This is not an instruction leaflet for beginners gymnastics or even a portfolio of podges, although, as we progress, the two may become inextricably linked. No picture again I’m afraid.
I had a request from Mr Parrot for a recipe for suet pudding. I realize this is not the ideal weather for a warming, fuel food but you must understand that I am merely a slave to the nostalgic whims of my readers. If suet pudding is demanded, suet pudding will be forthcoming.
Roly Poly pudding first appeared on English tables in the 1800’s. Suet pastry is wonderfully versatile in that it can be filled with steak and kidney, jam or syrup and some of you may remember being given Plough Pudding which has a filling of bacon, onions and sage. Gosh I feel hungry just thinking about it. I won’t torment you with the variation to turn it into Spotted Dick – I will save that one for the cooler, darker days.
The trick with suet pastry is to be gentle with it; use as little water as you can get away with and handle it as quickly and lightly as you can. Incidentally, if you’re not a vegetarian, don’t mess with vegetarian suet. It just isn’t as good.
It is ideal energy food and a good filler-upper, particularly for manual workers or when meat is scarce or simply too expensive. One should never feel guilty about eating this sort of food; it’s not as though it turns up on the table every day. My justifying mantra is this. Turn down the heating, go for a walk, have a pudding.
ROLY POLY PUDDING
1 x grater
1 x baking sheet
Baking parchment or greaseproof paper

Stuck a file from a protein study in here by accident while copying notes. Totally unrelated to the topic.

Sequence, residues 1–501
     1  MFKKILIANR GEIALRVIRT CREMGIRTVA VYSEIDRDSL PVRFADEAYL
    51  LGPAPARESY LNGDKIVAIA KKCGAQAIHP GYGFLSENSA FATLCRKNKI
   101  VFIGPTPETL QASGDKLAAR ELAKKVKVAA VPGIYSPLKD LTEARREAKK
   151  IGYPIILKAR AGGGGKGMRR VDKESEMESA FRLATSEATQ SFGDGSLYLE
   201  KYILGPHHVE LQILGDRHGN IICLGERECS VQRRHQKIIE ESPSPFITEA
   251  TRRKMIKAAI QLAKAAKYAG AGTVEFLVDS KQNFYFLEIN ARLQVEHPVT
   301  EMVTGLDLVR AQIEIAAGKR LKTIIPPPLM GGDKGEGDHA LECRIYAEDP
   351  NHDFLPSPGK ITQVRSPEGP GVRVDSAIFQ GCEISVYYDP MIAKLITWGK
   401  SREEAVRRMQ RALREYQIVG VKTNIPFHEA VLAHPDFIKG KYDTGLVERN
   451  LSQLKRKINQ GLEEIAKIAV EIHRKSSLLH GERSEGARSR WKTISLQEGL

1 x large mixing bowl
1 x rolling pin
1 x palette knife
1 x pastry brush
6oz / 180g self raising flour
a pinch of salt
3oz / 90g shredded suet
rind of 1 lemon – finely grated
5-6 tablespoons of jam or Golden Syrup
A butter paper and extra flour for greasing and dusting
Preheat the oven to 180 / 360 / 4
Line the baking sheet with the parchment or paper
Sift the flour and salt into a bowl
Stir in the suet and lemon rind
Stir in just enough water to be able to pull the mixture together into a soft dough
Quickly and lightly, pull it together with your fingers into a ball, adding a little more water if necessary
Lightly flour the work surface and knead the dough lightly with your fingers until it is smooth.
Very gently, roll the suet pastry into a rectangle about the size of your baking tray (8×12” / 30x20cm ish)
Using your palette knife spread the pastry with the jam or syrup, leaving a gap of about an inch all the way round the edges
Brush these empty edges with water
Very carefully roll up the pastry, but not tightly or this will squish out all the filling
Put the roll, seam side down onto the lined baking sheet
Place it in the oven for 30-40 minutes until it is nicely risen and golden brown
Leave it to cool for a while before serving or it will scar your mouth for life
Cut into thick slices and serve with custard, or cream if you have an unnatural and unhealthy aversion to custard